U.S. Immigration Site Visits Challenging for Remote Working L-1 Intracompany Transferees
When an L-1 petition is filed, a $500 anti-fraud fee must be paid to the adjudicating Department of Homeland Security agency. These fees fund the site visits for government officials to attend work sites to compare the address and the work site, and to look for the beneficiary and determine what job he or she may be doing. In this age of remote work, it is increasingly difficult for employers to ensure that USCIS officers will find workers on-site when they come calling.
In addition to USCIS, which is an agency within the U.S. Department of Homeland Security (DHS), we have seen the U.S. Department of State (DOS) get involved, demanding answers to intrusive questions from landlords. Some beneficiaries have never had any previous contact with this government agency, resulting in consternation and concern for employers and beneficiaries. Worse yet, DOS is unable to explain how they fit into the compliance picture, repeatedly demanding answers to questions without providing evidence of their authority to ask the questions in the first place.
Sometimes, businesses must move employees while they build out or expand a site, or repair damages. When USCIS officers come calling, some immediately assume in favour of fraud, instead of assessing the situation with an open mind and expecting that there may be a good business reason for employees to be working remotely or at another business site. When an officer does not find a beneficiary on site, this is often followed by excessive demands for documentation about the business and beneficiary, creating significant burdens on employers. All of this follows the excessive documentation that is often required to obtain the L-1 Intracompany Transfer status in the first place.
While L-1 petitions ask where a beneficiary will work, nothing ties the beneficiary to that location, such as a location-specific prevailing wage (required for certain other status types). Therefore, when a USCIS officer conducts a site visit looking for a beneficiary who may be working remotely, there is great worry and concern that follows based on reports from neighboring offices, follow-up calls from the officer, and as mentioned, excessive demands for more documents.
The USCIS has stated that it acknowledges remote work. The Department of Homeland Security, its parent agency, stated in 2022 that the shift to remote work that happened during the COVID-19 pandemic is likely here to stay. It certainly should acknowledge remote work, as it has permitted its own employees to work remotely for more than a decade. Additionally, many government agencies, USCIS included, required remote work during the recent pandemic. It is shocking that despite its public acknowledgment, and its own agency history both pre-pandemic and during the pandemic, the USCIS continues to discourage and enhance the burden on remote beneficiaries and their employers. The implication is that USCIS is acting as though remote work is fraudulent for an L-1 beneficiary.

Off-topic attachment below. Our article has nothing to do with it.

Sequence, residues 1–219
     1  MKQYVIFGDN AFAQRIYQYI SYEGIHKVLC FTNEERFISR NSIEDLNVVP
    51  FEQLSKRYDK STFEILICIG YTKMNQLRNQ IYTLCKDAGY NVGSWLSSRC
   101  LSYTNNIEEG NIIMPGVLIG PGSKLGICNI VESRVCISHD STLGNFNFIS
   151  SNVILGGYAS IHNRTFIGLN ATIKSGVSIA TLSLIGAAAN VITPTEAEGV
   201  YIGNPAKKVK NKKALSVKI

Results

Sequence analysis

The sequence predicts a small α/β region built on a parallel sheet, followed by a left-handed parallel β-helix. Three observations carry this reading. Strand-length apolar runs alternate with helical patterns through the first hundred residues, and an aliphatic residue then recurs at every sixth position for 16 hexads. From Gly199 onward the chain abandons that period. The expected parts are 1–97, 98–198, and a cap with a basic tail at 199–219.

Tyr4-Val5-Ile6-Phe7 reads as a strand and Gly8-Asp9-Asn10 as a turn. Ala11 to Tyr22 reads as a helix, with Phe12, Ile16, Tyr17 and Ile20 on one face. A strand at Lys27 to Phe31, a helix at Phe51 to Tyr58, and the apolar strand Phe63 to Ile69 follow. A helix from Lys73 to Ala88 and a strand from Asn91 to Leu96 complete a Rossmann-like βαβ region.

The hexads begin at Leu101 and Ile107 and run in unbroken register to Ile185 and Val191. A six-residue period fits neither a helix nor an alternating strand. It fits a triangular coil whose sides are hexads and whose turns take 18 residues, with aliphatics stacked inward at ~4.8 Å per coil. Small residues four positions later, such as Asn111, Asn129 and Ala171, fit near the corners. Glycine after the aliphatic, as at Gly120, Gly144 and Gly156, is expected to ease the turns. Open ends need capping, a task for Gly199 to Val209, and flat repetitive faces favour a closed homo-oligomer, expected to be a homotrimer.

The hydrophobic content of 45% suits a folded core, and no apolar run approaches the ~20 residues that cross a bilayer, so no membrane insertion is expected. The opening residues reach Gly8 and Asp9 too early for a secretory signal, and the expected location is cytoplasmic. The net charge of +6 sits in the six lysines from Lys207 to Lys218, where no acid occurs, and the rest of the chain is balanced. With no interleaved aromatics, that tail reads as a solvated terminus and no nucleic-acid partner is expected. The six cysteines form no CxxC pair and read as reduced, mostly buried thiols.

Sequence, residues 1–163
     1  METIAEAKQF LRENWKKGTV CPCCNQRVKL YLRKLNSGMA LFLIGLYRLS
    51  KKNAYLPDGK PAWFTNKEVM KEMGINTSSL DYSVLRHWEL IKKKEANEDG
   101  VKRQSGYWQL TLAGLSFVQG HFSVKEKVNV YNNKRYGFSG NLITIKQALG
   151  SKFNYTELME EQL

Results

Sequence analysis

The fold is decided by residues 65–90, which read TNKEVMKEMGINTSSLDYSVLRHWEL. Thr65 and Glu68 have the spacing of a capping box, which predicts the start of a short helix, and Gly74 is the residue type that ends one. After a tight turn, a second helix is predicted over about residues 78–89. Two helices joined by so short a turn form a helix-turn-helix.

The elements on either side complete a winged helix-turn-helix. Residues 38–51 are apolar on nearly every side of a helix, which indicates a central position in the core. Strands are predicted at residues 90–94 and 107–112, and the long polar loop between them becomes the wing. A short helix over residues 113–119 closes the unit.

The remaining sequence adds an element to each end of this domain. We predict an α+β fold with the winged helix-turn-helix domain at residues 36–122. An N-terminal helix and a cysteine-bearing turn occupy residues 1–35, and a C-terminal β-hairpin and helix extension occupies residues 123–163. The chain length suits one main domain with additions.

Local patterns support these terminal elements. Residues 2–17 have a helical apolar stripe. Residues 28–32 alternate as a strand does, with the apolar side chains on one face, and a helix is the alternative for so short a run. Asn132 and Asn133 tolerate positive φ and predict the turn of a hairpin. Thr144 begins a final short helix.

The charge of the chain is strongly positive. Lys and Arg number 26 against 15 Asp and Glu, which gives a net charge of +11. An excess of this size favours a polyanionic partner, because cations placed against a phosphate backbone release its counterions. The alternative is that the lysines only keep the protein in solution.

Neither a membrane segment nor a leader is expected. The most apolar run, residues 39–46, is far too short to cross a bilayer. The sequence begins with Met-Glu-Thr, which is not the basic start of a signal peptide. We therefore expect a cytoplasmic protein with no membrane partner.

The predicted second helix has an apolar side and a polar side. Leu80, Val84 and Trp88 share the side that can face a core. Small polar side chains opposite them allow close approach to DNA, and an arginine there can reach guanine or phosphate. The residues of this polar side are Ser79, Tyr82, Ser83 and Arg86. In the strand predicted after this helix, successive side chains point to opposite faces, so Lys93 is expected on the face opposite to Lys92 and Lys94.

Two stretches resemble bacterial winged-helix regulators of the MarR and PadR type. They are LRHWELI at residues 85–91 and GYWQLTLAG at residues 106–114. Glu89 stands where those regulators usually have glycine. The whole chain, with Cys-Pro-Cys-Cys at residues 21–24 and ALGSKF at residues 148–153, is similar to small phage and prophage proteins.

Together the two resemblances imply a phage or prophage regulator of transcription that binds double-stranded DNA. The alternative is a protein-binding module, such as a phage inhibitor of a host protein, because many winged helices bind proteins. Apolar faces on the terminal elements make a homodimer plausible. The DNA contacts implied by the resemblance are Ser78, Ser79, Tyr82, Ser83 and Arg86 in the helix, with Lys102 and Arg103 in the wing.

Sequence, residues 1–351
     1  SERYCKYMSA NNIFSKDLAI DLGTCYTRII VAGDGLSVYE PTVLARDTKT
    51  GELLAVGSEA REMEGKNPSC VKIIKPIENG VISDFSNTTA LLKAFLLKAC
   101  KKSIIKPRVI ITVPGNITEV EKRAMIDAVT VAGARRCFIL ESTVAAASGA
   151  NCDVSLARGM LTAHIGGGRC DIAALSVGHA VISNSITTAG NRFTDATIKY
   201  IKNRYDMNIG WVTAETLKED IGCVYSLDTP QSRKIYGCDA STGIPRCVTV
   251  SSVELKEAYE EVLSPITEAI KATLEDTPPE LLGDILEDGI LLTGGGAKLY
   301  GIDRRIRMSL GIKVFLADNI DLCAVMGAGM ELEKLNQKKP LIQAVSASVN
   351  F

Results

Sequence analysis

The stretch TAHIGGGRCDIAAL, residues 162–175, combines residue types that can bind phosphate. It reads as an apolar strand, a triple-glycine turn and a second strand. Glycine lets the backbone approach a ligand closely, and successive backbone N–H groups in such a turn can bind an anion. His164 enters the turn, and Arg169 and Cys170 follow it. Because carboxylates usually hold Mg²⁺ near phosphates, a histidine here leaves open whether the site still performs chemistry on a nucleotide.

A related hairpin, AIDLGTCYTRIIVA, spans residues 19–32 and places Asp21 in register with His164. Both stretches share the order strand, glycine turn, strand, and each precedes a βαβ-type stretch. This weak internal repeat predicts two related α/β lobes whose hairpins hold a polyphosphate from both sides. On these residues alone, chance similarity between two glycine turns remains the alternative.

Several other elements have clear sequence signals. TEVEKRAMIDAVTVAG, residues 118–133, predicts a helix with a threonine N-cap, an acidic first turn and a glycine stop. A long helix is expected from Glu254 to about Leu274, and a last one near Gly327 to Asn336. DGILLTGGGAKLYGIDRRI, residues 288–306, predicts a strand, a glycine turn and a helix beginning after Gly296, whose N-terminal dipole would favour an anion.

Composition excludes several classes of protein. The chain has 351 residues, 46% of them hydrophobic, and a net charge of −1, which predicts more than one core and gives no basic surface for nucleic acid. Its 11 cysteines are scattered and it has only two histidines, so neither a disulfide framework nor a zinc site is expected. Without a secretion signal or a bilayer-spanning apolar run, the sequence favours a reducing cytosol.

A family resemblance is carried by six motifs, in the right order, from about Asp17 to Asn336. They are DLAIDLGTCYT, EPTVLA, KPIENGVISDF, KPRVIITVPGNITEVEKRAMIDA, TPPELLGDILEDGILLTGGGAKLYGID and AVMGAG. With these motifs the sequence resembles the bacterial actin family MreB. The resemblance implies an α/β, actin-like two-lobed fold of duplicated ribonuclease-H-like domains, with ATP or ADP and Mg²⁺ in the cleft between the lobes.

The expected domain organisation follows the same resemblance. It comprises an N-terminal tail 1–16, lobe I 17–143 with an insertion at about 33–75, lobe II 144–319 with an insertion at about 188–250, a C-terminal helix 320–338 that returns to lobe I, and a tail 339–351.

When preparing to file an L-1 Intracompany Transferee petition, or if a petitioner and beneficiary have been subjected to site visits resulting in burdensome demands for documents or a Notice of Intent to Revoke an approved petition, the best results can be attained by contacting competent U.S. immigration counsel. The immigration practice at Lippes Mathias LLP is ready to assist with these and any other business immigration requirements.
Eileen M. Martin is a partner and the immigration practice team co-leader at Lippes Mathias LLP. She has more than 20 years of experience in immigration law assisting clients from around the world with various matters including work permits, employment-based immigration, port-of-entry issues, visa issuance, family-based immigration, immigrant and non-immigrant waivers and assessment of U.S. citizenship.
The opinions expressed are those of the author(s) and do not necessarily reflect the views of the author's firm, its clients, LexisNexis Canada, Law360 Canada, or any of its or their respective affiliates. This article is for general information purposes and is not intended to be and should not be taken as legal advice.
This article was originally published by Law360 Canada, part of LexisNexis Canada Inc.
Disclaimer: The information in this post is provided for general informational purposes only, and may not reflect the current law in your jurisdiction. No information contained in this post should be construed as legal advice from our firm or the individual author, nor is it intended to be a substitute for legal counsel on any subject matter. No reader of this post should act or refrain from acting on the basis of any information included in, or accessible through, this post without seeking the appropriate legal or other professional advice on the particular facts and circumstances at issue from a lawyer licensed in the recipient’s state, country or other appropriate licensing jurisdiction.